LONDON (AP) — Pressure is growing on Europe's leaders to focus less on austerity and more on stimulating growth as the 17 countries that use the euro face record high unemployment and a recession that is spreading across the region.
Eurozone unemployment rose by 169,000 in March, official figures showed Wednesday, taking the rate up to 10.9 percent — its highest level since the euro was launched in 1999.
The seasonally adjusted rate was up from 10.8 percent in February and 9.9 percent a year ago and contrasts sharply with the picture in the U.S., where unemployment has fallen from 9.1 percent in August to 8.2 percent in March.
Economies across the eurozone are contracting as governments enact austerity measures — spending cuts and higher taxes — to reduce their budget deficits and slow the growth of their debts. Eight eurozone countries — including Greece, Spain and the Netherlands — have seen their economies shrink for two straight quarters or more, the common definition of a recession.
Austerity has been the main prescription across Europe for dealing with a debt crisis that's afflicted the continent for nearly three years and has raised the specter of the breakup of the single currency. Three countries — Greece, Ireland and Portugal — have already required bailouts because of unsustainable levels of debt.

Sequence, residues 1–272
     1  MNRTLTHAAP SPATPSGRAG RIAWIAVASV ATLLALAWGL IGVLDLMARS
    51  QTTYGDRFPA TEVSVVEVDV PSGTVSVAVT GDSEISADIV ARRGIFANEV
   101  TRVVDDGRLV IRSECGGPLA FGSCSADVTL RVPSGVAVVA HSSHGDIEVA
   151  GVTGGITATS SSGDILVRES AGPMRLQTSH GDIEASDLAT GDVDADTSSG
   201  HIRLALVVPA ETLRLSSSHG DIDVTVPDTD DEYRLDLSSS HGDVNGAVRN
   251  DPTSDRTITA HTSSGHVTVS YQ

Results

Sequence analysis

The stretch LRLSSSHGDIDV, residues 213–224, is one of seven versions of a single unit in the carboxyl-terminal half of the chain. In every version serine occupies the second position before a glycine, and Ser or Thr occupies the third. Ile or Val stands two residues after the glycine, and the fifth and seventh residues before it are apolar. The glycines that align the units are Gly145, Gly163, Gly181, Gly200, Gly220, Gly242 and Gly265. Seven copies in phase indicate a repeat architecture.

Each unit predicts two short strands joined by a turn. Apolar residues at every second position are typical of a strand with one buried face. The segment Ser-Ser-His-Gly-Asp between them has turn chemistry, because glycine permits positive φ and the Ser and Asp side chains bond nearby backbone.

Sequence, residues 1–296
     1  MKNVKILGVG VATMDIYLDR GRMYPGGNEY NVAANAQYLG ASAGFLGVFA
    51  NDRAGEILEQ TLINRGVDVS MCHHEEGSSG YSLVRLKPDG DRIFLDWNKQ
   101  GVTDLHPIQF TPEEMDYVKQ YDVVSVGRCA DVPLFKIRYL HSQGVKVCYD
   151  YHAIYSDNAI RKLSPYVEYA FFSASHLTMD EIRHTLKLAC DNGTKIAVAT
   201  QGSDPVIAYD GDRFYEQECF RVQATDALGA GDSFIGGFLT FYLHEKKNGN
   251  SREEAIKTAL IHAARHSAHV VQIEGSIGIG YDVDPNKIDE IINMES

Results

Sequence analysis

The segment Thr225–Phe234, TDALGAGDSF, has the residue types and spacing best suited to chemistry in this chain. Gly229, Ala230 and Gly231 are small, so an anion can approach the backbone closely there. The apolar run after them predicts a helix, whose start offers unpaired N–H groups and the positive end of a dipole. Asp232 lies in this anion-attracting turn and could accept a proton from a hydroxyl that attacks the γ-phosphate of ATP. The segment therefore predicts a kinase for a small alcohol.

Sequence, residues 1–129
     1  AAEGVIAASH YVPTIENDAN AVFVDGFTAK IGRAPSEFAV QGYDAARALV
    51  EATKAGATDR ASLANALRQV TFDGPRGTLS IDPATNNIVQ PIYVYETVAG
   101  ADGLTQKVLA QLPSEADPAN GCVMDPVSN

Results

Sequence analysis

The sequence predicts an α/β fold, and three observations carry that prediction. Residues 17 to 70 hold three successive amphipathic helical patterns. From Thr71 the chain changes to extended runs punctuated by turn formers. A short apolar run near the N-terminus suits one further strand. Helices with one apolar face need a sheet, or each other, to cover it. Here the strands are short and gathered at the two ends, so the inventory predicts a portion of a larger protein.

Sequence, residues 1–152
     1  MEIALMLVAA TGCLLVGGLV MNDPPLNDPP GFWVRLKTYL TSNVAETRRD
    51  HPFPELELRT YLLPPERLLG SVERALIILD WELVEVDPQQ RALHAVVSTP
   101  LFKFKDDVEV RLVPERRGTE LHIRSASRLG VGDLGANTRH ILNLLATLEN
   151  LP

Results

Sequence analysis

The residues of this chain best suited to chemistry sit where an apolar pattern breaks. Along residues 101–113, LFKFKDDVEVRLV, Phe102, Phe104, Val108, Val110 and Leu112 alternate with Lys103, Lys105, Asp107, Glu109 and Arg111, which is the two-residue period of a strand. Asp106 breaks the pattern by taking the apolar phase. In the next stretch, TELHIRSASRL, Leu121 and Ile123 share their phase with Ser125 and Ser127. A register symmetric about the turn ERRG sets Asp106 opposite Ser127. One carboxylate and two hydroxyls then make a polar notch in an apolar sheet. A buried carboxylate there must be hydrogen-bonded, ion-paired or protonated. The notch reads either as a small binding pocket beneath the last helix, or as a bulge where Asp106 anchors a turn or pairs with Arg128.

Bailout fears have intensified in recent months as Spain, Italy and other governments face rising borrowing costs on bond markets, a sign that investors are nervous about the size of their debts relative to their economic output. Austerity is intended to address this nervousness by reducing a government's borrowing needs, but there has been a negative side effect: as economic output shrinks, the debt burden actually looks worse.
So as Europe's economic outlook darkens, economists are becoming more skeptical of the strict adherence to austerity. They say the region's policymakers need to dial back on short-term budget-cutting and place more emphasis on stimulating long-term growth. Pro-growth measures include reducing red tape for small businesses, making it easier for workers to find jobs across the eurozone and breaking down barriers that countries have created to protect their own industries. Some economists go a step further and say governments should not only stop cutting spending, they should actually increase spending while economies are so weak— and make reining in deficits a longer-term goal.
"The question is how long EU leaders will continue to pursue a deeply flawed strategy in the face of mounting evidence that this is leading us to social, economic and political disaster," said Sony Kapoor, managing director of Re-Define, an economic think-tank and policy advisory company.
In a nod to shifting attitudes about austerity, European Central Bank president Mario Draghi recently called for a "growth pact" in Europe to work alongside the "fiscal pact" that has placed so much importance on controlling government spending.